(This week I’m going to mix it up a little bit and publish a long(er)-form piece I’ve been working on about the role of eating disorders and self-harm among female saints. Trigger warnings ahoy.)
I’ll admit to a certain macabre fascination with mortification of the flesh, the Catholic practice of using self-inflicted pain as form of penance. I started reading about it because along with relics, it occupies a weird little niche in the Catholic faith: things that are absolutely part of Church doctrine and even crucial to the history of the Church, but really aren’t talked about in polite company anymore, especially in America where most parishes prefer the post-Vatican II approachability of guitar masses and CYC soccer. Ancient, mysterious rituals invite ridicule from rationalists (witness the recent everyone’s-a-comedian week of pope-electing jokes) and awkward apologetics from believers.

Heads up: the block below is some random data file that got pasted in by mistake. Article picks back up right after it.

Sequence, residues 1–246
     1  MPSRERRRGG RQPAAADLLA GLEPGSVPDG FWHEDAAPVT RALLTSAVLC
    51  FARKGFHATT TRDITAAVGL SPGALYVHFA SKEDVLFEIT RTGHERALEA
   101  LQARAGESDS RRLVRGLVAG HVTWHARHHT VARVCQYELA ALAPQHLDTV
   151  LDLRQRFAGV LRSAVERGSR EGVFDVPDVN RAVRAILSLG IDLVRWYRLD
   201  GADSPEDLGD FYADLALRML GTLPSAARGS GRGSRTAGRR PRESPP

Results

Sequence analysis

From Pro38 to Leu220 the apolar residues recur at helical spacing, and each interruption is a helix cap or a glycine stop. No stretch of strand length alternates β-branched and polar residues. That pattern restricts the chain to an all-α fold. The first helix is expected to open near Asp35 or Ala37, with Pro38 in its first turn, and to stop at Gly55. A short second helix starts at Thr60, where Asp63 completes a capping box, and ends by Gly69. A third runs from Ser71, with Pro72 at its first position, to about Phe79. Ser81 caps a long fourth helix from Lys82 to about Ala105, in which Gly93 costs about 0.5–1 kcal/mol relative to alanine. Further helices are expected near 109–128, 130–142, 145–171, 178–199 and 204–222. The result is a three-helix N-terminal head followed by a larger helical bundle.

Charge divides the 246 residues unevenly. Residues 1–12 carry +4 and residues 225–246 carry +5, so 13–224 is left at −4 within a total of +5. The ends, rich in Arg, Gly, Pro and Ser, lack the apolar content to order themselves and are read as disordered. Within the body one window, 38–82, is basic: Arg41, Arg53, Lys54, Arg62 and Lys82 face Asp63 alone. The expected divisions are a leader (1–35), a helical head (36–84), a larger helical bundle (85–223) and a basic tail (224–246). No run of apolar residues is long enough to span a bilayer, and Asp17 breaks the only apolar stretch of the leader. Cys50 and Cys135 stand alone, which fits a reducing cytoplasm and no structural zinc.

Unlike so many other historical aspects of the Catholic Church, you also can’t talk about mortification without talking about women. The most zealous practitioners, the ones whose self-inflicted punishments are still whispered about, were almost exclusively mystic women from the late Middle Ages through the early Renaissance. They were the ones who drank pus, ate spiders, violently purged food, burnt their genitals and mutilated their faces.
But taken in context in their lives, their actions reveal a sane, even logical mind. They acted this way because they heard the world telling them that punishment is what they needed and deserved. Once they accepted the punishment, they controlled it and pushed it past superficial revulsion and concern into awe. Because of their sex, their words and motives were suspect, but their actions showed the depth of their self-loathing and paradoxically, by buying into the misogyny of their time it made them powerful. Their oppression became their choice and by choosing it they were allowed places in history usually reserved for men.